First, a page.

Lady Winston is a female Great Horned Owl. She is small for a female and
for her first few years in the club she sported the name Sir Winston because
we thought she was a male. She was eventually DNA sexed and discovered to be
a female. Lady Winston came to the WSU Veterinary Teaching Hospital as a
nestling on April 17, 1999. She was found in the Pullman cemetery after
having fallen out of her nest. She was discovered to have degenerative
cataracts in both eyes and has now lost most of her eyesight. She is
somewhat imprinted on humans.
Great Horned Owls are named for the feathers on the top of their heads which
resemble horns. They have large bodies with brown and black feathering.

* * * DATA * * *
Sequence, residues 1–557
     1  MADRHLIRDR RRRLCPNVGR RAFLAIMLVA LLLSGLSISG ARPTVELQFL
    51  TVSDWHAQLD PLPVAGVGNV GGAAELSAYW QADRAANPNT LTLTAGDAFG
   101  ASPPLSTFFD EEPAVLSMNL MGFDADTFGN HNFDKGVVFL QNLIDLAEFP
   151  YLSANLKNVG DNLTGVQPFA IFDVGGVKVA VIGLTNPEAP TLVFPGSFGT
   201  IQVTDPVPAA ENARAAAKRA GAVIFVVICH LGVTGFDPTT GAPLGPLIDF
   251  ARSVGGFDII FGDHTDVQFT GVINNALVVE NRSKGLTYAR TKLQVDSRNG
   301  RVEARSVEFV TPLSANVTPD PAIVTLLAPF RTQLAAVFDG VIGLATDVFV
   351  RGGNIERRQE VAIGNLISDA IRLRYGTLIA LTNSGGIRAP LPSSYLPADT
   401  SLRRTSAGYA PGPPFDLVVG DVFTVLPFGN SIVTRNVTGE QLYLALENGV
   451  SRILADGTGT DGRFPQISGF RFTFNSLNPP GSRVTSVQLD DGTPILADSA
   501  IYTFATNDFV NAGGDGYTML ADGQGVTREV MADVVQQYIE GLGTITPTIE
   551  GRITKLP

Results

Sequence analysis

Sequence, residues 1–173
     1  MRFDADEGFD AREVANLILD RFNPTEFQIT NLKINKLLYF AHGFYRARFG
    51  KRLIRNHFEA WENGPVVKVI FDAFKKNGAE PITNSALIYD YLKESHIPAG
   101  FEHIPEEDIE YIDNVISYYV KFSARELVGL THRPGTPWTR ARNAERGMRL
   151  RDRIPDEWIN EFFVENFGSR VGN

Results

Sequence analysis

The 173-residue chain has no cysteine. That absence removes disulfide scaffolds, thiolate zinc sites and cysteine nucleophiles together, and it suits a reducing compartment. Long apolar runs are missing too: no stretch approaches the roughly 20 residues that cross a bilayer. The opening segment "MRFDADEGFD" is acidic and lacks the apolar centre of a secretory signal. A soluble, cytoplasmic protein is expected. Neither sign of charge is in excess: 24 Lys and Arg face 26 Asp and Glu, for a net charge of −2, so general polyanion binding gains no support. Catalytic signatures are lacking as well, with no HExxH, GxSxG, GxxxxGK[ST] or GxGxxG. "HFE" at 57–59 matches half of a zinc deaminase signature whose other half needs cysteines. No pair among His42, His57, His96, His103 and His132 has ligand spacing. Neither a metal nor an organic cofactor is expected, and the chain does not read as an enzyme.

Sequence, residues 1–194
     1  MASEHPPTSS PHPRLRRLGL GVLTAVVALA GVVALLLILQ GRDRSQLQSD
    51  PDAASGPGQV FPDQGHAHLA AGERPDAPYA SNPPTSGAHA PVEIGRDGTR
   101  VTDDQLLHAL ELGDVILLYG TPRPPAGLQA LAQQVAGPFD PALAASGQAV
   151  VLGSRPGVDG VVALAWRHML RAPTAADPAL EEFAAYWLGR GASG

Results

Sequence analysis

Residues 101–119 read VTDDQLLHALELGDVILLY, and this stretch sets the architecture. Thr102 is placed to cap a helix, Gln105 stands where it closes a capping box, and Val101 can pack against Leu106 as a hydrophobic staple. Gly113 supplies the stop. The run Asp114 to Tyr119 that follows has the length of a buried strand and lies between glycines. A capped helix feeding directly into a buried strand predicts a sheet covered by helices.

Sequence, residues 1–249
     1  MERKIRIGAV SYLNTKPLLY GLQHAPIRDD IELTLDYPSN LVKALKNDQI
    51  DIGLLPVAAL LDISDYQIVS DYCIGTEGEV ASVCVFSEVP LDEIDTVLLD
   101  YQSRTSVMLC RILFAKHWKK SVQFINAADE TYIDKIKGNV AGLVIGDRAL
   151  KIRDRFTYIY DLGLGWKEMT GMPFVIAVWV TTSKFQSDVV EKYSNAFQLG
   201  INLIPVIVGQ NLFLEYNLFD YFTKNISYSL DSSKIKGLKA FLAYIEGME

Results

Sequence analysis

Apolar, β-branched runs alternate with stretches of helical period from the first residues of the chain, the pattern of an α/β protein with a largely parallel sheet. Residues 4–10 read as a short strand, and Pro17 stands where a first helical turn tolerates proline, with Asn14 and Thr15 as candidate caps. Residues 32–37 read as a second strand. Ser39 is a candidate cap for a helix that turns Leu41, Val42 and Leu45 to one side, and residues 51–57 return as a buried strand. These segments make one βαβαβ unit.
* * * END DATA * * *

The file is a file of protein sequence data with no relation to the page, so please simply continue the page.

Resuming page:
Their facial disks are not as round as in other owl species and are a tan or
buff color. They have a prominent white bib on the upper chest. They have
large, yellow eyes. Great Horned Owls are one of the largest and most
powerful owls in North America weighing up to 4 pounds. They can take prey
up to 2 – 3 times their own weight. Over 250 different birds and animals
have been identified as prey, including porcupines, skunks, snakes, owls and
other birds, rodents, and fish.
Great Horned Owls have very powerful feet and can exert 400 pounds of
pressure per square inch.
Great Horned Owls are the most widespread of our owls, occurring throughout
North America. They utilize a variety of habitats, and have adapted well to
living around humans. Males and females can be differentiated by their calls
during mating season; the males have a 3-note call while the female's is 5
notes and higher pitched.